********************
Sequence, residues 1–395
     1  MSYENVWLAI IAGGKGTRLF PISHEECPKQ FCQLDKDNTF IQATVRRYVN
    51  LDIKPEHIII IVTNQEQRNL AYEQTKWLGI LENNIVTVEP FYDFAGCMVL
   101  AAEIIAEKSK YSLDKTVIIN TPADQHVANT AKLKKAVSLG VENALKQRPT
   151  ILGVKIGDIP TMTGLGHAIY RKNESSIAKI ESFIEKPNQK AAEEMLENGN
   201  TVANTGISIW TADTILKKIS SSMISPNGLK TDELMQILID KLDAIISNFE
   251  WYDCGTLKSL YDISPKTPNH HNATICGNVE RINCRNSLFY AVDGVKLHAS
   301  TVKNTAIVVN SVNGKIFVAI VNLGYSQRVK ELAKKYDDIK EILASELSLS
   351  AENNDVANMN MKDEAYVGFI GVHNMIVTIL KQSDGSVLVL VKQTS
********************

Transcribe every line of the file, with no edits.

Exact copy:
Sequence, residues 1–395
     1  MSYENVWLAI IAGGKGTRLF PISHEECPKQ FCQLDKDNTF IQATVRRYVN
    51  LDIKPEHIII IVTNQEQRNL AYEQTKWLGI LENNIVTVEP FYDFAGCMVL
   101  AAEIIAEKSK YSLDKTVIIN TPADQHVANT AKLKKAVSLG VENALKQRPT
   151  ILGVKIGDIP TMTGLGHAIY RKNESSIAKI ESFIEKPNQK AAEEMLENGN
   201  TVANTGISIW TADTILKKIS SSMISPNGLK TDELMQILID KLDAIISNFE
   251  WYDCGTLKSL YDISPKTPNH HNATICGNVE RINCRNSLFY AVDGVKLHAS
   301  TVKNTAIVVN SVNGKIFVAI VNLGYSQRVK ELAKKYDDIK EILASELSLS
   351  AENNDVANMN MKDEAYVGFI GVHNMIVTIL KQSDGSVLVL VKQTS